By the time a case goes to trial and public information is available about the case, the correct pieces have been found, pieced together and the other pieces ruled out. The probable cause affidavit for Dripps’ arrest warrant represents a puzzle that has gone through this process and perhaps is still awaiting the placement of a few pieces close at hand, but ultimately is no longer cluttered by the thousands of other puzzle pieces collected over the course of the investigation.
The affidavit makes the case sound straightforward and it is intended to. This is the culmination of a 23 year investigation into a serious crime and when the case is heard in a court of law, the intention is for the court to have all of the relevant information available in an easily accessible and straightforward way.
Among the puzzle pieces is the DNA evidence left at the crime scene. Thanks to modern scientific advancements and innovative police work, investigators have now deduced and corroborated the identity of the DNA match. This is a major and central piece of the puzzle.
The Snapshot composite profile of the suspect produced by Parabon NanoLabs in February of 2017 is another piece of the puzzle – a piece that isn’t central but still supported the pursuit to find other more major pieces of the puzzle.
Another piece of the puzzle is evidence that determined that Dripps had been living at 459 “I” Street, across the street from the crime scene, at the time of the murder. This piece was collected along with puzzle pieces that represented other neighbors and addresses of suspects. Now, with the identity of the DNA match available, the suspect’s address becomes part of the assembled puzzle and other address pieces may be removed from the focus area.
Also in the affidavit is another puzzle piece called a field interview or neighborhood canvas. Neighborhood canvases are basic investigative procedures that were in place in 1996 and are still utilized today. These canvases are used to generate leads if possible and are documented to be referred to later. This documentation provides evidence of where a person was and what they said was happening at the time of the crime or in the days surrounding it. When a suspect has been identified that field interview, if documented, can be invaluable.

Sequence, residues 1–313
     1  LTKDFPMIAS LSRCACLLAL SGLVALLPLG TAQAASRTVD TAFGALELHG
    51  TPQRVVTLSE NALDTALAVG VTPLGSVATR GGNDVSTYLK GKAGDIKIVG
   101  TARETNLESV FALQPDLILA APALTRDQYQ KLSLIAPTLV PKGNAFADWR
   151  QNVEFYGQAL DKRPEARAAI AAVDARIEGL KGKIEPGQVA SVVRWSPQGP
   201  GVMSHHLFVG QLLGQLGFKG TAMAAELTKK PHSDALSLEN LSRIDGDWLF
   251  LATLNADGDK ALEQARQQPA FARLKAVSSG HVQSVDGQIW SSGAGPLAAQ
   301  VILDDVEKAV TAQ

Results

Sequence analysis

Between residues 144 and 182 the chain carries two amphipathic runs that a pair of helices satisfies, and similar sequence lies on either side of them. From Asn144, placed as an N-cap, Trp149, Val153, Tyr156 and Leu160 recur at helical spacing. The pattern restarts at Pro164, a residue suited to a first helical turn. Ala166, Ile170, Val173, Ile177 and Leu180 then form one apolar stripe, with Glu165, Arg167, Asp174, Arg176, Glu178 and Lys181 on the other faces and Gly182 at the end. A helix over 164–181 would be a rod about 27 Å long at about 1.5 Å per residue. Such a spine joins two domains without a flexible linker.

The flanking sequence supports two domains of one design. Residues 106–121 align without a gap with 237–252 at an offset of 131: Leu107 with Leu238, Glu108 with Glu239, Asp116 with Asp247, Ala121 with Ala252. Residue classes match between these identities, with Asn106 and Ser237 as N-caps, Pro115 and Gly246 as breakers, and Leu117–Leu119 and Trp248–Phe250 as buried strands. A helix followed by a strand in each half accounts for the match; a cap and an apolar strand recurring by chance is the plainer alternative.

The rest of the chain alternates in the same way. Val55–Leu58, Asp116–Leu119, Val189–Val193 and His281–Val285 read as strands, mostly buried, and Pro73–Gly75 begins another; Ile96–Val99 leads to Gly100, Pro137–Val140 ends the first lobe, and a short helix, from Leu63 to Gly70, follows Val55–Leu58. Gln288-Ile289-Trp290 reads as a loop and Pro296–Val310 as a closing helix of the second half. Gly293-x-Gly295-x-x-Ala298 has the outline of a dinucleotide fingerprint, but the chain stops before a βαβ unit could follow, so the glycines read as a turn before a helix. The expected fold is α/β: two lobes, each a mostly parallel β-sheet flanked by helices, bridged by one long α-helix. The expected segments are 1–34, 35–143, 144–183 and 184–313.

In this case a neighborhood canvas was performed and a field interview with Dripps was documented on June 18, 1996. Because the officer documented the contact, investigators today were able to go back to that brief statement and determine that Dripps was in fact in Idaho Falls and living across the street at the time of the crime. Furthermore, other information provided in that brief statement corroborates pieces of Dripps’ confession nearly 23 years later.
Many other pieces of the final puzzle exist. Some are available to the public at this time, and others are being corroborated and vetted before being added to the final puzzle. This investigation is ongoing and the truth of what happened to Angie Dodge is becoming more and more clear.
This major development in Angie’s case will hopefully bring closure to the Dodge family and hope to others awaiting the closure of their own loved ones’ Cold Cases.
This journey was started by tragedy, but lessons have been learned along the way. Before Angie’s case, the analysis of degraded DNA for use in genetic genealogy had never been done. This marks a significant advancement in the world of criminal genetics. One that may offer hope to other people awaiting a break in their loved one’s cases.
Angie’s family is also in the process of creating a fund titled 5-For-Hope. According to the crowdfunding site, the funds will be donated to cold case foundations and under-funded police departments to educate staff and give them the foundation and tools to test DNA results and ultimately solve cold cases. To learn more about 5-For-Hope visit AngieDodge.com.
The Angie Dodge case has been woven into the identity of the Idaho Falls Police Department. Many officers and personnel have never worked at an Idaho Falls Police Department where Angie’s case was not being investigated. Carol Dodge has become a fixture at the department, and a door into the Law Enforcement Building has even been dubbed “the Carol Door.”
The Idaho Falls Police Department is pleased to have reached this point, and remains committed to seeing the investigation through to its conclusion – the truth and justice for Angie.
Our attorneys tell us we need to put this disclaimer in stories involving fundraisers: EastIdahoNews.com does not assure that the money deposited to the account will be applied for the benefit of the persons named as beneficiaries.